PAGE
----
As voters sit in front of the TVs, phones, and tablets to watch the drama unfold this election cycle, the question that continually pops up, is “Why?” Why are voters so angry, and so willing to vent that anger on one another?
Near-riots at political rallies, name-calling and fighting on social media, party debates that are little more than playground fights with bullies, news channels taking obvious sides and looking for ratings by encouraging on-air squabbles, and more define the 2016 presidential election.
Forget civility, decorum, and manners; it’s been replaced with disgust of every imaginable flavor, starting with some of the candidates themselves. We’re not talking about the typical family or work squabbles that occur every four years as disagreements about political allegiances.
No, we’re talking about wholesale nastiness that stems from a lot of unhappy and disenfranchised voters, people who feel that the American dream is no longer possible for them or their children, and they are looking for someone to blame.
And many of our candidates are more than happy to guide the voters’ fingers of blame. Muslims, Mexicans, the one-percenters, the poor, the lazy, the liberals, the conservatives, Wall Street, ISIS, the Middle East, China, the Fed, Janet Yellen, Alan Greenspan, Hillary, Obama, Bernie, Donald, Ted, Marco, etc.
There is seemingly no shortage of things and people to blame for the circumstances in which some of us find ourselves. But what has taken a lot of us by surprise this election cycle is the bare-knuckles, brawling, obscene, and vulgar style of disagreement.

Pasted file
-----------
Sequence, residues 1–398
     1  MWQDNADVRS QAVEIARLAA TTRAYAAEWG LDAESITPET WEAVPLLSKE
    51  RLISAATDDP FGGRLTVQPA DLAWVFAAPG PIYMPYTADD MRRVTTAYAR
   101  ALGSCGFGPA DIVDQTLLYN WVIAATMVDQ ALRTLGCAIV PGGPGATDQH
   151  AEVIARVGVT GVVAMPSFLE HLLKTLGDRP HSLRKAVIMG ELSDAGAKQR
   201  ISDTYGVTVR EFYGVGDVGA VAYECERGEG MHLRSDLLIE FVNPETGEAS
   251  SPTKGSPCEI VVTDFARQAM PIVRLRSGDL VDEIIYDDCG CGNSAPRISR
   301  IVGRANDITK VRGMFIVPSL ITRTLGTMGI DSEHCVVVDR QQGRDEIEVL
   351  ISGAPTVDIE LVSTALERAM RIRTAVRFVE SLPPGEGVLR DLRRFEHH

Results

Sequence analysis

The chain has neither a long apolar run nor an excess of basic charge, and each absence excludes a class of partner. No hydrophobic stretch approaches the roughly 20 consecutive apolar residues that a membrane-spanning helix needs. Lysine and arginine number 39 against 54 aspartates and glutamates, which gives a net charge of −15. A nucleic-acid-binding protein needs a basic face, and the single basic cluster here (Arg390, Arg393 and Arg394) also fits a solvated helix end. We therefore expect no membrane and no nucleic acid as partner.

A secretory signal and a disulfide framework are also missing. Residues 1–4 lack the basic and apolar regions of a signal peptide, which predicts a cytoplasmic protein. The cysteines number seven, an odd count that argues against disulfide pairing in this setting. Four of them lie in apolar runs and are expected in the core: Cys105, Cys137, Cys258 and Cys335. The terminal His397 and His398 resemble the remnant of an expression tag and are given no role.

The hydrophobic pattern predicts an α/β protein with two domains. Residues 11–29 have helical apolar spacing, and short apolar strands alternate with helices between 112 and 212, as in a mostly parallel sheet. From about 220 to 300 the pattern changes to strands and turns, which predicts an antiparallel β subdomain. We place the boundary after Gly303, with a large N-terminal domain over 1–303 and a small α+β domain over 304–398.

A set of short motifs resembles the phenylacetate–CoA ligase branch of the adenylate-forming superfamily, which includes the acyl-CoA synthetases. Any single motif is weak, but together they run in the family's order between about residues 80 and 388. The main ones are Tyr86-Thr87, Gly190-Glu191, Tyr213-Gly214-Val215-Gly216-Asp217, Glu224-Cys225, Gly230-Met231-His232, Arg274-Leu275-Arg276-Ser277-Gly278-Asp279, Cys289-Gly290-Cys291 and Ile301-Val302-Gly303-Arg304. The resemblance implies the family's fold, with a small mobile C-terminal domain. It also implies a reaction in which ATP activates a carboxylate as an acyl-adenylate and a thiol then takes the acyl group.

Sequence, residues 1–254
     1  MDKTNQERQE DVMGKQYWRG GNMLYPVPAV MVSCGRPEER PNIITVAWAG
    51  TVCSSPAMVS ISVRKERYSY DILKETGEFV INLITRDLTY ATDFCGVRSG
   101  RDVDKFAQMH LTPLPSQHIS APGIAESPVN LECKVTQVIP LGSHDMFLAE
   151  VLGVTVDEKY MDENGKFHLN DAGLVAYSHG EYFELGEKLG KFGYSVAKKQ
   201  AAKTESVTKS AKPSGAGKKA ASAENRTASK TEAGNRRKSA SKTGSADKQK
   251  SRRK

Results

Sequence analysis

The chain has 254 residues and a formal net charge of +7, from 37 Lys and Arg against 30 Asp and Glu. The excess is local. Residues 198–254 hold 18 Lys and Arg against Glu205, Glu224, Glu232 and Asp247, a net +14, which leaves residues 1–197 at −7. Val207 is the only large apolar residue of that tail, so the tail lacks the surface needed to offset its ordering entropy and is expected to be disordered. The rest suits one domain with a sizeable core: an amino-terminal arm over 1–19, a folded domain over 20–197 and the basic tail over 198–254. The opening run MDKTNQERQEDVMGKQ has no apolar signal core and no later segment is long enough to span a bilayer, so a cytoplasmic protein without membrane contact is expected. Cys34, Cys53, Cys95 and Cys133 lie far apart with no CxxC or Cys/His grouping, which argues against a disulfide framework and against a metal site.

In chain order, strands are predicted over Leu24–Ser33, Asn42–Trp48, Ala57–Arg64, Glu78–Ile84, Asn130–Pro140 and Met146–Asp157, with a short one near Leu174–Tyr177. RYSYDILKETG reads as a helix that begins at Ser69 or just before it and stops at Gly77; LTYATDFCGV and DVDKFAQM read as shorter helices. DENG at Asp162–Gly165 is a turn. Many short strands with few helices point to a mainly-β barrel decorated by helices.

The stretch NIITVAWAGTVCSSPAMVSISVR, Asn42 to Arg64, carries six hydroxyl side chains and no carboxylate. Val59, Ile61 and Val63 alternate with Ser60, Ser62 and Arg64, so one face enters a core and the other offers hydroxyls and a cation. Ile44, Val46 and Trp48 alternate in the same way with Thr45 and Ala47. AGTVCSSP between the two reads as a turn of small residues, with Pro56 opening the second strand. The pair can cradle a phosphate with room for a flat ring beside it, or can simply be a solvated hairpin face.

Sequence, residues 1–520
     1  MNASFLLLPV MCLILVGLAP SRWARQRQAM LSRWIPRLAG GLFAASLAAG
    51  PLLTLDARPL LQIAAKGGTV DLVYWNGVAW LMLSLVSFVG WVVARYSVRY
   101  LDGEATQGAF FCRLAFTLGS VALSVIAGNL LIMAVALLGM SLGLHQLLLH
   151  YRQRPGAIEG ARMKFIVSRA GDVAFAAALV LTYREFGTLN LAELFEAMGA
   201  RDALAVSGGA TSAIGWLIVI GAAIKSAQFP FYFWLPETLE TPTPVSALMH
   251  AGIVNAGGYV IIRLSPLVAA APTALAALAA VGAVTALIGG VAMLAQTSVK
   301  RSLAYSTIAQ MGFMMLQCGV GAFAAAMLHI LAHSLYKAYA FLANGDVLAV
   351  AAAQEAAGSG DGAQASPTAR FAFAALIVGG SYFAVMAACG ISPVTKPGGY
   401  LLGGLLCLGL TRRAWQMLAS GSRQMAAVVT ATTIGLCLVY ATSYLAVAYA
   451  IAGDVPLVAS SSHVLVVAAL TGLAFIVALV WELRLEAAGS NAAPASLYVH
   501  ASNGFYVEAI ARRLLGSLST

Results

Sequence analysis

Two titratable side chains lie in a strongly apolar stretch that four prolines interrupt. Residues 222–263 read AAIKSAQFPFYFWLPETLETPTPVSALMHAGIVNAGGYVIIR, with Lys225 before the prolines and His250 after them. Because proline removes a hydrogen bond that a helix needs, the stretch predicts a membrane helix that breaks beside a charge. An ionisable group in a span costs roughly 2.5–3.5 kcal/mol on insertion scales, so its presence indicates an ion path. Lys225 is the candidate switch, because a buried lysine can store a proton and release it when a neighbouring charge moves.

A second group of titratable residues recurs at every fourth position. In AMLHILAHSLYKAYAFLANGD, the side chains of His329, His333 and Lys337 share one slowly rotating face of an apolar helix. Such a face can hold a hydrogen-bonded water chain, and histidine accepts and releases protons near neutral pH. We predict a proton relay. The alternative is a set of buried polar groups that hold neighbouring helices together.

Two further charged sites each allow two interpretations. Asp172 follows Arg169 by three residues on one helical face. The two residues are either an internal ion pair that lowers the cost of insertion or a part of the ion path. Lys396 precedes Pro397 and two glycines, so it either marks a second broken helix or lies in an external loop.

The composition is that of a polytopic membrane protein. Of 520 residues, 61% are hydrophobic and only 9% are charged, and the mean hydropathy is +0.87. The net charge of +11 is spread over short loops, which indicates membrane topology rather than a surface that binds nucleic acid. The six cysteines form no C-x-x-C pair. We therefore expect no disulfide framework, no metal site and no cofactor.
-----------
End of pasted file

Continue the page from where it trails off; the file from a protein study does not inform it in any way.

If you could distill most of this country’s anger into separate categories, you would have four:
Income and wealth inequality is the greatest ever in the history of the United States, and is affecting the velocity of money and the economy to the detriment of a growing number of middle and working class Americans.
High school graduates are being left further and further behind. When you consider that the suicide rate for those without even a high school diploma has more than doubled since 1995, you begin to understand the concern and anger this subgroup has.
Wages, measured against inflation, have remained stagnant for most of us since 1995, with one notable exception – the top 5% of wage earners.
The number of white men in the job force is shrinking rapidly, which explains in part why Trump is so popular. His core group of supporters seems to be white men earning less than $50,000, without a college degree.
And the political rhetoric this time around is particularly focused, and resonates well with many voters. Trump’s declaration that America is no longer great is met with agreement by many of his supporters, as do those who side with Sanders’ assertion that the middle class is collapsing because of Wall Street rigging the system against them.
To be honest, there is probably a kernel of truth to both of their claims, but even so, there is a growing belief among some that the revolt that has been fomenting for years is here, that more and more Americans are simply fed up with the status quo.
And like all revolts, no matter what the trigger, once all that pent-up frustration and anger is unleashed, it will not be contained until the wrongs have been righted.
And until that time, expect more and more, increasingly vitriolic attacks by both candidates and supporters alike, at this summer’s conventions AND the polls in November.
And in the final analysis, one of the greatest things about our Constitution is our First Amendment right of free speech; America, for better or for worse, airs her dirty laundry in public for all to see.
And there is a lot to air this time around.